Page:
I could open this piece by quoting one of the many words uttered by the iron lady over her many years. I could state my own ardent admiration for a divisive woman – indeed if you wish for a piece of vitriol, I recommend turning away now. This is not the piece you are looking for, though I will attempt some degree of balance. Instead, I will begin with a personal anecdote from a year or so ago whilst walking with a former friend. She had grown up in a council house and been consistently poor most of her life, and informed me that I could not reasonably say what Thatcher did was fair, how could I know what it was like to be affected so directly by her policy, having always come from relative wealth?
A fair comment, so rather than argue the obvious case that money does not make one blind, I asked her what should would recommend needs to be ‘done’ about the state of the poor? Having been raised to loathe Thatcher, her answer surprised me. She told me they needed a ‘kick up the rear’ and to be made more ‘self-reliant’ rather than ‘state-reliant’. I should not need to state my amusement upon informing her she had just almost quoted the loathed wicked witch of Grantham.
This is, for me perhaps, one of the most enduring parts of the Thatcherite legacy. A change in attitude, she shifted the debate and in doing so changed the country. The question becomes for better or worse, and in the words I have, I doubt I can answer this. But I shall attempt this herculean task.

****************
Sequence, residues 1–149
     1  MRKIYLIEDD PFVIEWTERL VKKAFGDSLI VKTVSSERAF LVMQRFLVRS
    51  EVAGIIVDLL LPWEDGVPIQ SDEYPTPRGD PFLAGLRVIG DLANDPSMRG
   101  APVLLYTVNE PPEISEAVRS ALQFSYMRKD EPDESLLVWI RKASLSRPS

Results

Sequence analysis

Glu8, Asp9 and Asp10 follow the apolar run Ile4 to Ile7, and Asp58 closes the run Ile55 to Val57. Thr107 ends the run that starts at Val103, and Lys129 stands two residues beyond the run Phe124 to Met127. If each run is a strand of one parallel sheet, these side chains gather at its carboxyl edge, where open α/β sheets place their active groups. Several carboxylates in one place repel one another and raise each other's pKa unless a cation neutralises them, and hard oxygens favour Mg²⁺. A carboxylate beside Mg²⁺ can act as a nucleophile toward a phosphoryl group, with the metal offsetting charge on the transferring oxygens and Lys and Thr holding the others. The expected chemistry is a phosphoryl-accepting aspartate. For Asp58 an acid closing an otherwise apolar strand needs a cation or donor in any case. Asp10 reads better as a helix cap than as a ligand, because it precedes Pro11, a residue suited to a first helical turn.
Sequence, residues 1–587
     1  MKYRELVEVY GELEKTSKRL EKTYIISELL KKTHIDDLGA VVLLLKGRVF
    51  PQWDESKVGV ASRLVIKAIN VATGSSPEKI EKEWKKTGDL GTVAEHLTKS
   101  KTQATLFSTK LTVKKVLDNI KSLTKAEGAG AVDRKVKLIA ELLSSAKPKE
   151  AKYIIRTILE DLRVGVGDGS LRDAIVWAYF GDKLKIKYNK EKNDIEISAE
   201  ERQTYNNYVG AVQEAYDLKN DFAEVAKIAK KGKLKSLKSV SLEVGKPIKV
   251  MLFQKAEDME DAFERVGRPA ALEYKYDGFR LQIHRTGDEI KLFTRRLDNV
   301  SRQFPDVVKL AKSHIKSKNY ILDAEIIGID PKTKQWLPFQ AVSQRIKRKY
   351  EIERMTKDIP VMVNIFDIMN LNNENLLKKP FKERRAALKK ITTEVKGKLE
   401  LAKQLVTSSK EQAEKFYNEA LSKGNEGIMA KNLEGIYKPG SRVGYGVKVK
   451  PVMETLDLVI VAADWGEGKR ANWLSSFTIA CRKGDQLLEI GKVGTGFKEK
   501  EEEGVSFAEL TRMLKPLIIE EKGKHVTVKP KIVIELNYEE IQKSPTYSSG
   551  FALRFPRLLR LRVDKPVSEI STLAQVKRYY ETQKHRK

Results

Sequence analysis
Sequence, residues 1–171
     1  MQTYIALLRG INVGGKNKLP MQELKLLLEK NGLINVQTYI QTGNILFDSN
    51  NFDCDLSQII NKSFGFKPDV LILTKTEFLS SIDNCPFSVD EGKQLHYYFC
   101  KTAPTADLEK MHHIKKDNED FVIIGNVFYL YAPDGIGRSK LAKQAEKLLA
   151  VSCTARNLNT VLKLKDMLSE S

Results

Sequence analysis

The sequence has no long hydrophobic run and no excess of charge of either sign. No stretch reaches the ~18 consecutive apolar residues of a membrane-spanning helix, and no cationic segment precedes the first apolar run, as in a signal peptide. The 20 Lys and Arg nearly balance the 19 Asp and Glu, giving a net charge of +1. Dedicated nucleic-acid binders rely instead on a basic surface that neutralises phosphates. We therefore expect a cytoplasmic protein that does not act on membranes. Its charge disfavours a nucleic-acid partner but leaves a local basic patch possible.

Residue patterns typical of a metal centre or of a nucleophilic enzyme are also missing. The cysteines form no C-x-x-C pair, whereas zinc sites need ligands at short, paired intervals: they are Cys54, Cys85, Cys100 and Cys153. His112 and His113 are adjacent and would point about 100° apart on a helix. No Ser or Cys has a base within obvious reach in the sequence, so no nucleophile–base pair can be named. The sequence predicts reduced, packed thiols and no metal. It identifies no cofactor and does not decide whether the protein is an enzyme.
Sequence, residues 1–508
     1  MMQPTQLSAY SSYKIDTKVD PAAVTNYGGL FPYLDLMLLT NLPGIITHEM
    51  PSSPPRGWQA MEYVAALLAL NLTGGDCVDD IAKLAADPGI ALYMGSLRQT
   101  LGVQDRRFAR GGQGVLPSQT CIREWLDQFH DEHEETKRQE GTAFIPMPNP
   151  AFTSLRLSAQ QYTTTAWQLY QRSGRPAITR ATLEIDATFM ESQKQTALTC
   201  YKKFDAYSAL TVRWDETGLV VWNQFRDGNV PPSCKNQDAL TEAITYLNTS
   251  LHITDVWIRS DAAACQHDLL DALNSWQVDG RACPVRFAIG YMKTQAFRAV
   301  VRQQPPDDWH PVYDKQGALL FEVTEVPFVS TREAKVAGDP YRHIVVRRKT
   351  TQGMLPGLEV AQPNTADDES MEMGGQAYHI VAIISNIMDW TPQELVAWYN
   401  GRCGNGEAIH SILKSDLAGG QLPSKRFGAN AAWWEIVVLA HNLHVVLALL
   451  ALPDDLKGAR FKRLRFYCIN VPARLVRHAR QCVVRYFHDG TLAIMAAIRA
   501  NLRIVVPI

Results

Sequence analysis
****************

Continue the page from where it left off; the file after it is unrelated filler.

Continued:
Students perhaps have most to say with regard to unions, specifically coal. Having been born in 1991, and like most readers of this publication certainly post-Thatcher, I cannot say I recall the winter of discontent nor the strikes. But history teaches, and though it is through revisionism I say this, I must admit that I find the unions’ actions in the 70s reprehensible, and the acts such as the illegal (unconstitutional within the mandate given by the union) strike called by Scargill lead me to question how much of a choice the politicians of the day had. Collective bargaining is a wonderful idea, collective ransoming is not. Nottingham miners who wished to continue working had not even been consulted were made not to work by those ‘protecting’ the pits. This is not the act of a force standing up for the worker. Neither is the policy of only allowing workers in industry to join one union. The closed-shop was no less harmful than the pit closures, if for differing reasons. No, I must find that I admire Thatcher’s steadfast action in dark times.
I admit her actions broke communities, and find this problematic. Her faith in the market stretched too far – it is not enough to simply remove industry that fails and assume markets will fill the gap. This was part of the naiveté on her part. Thatcher’s name, the iron lady, though not meant as such, is close to the mark – wrought in iron, a warrior, not a thinker. No politician is perfect, no policy perfect, but in Thatcher’s case the damage caused is difficult to justify. Sadly, it is harder still to justify the situation the postwar consensus created where reliance on failing industry was all that could keep communities together. I cannot say the results of Thatcher were perfect, and to those negatively effected, I am sorry, and sorry I will continue to be, meaningless as it may be.
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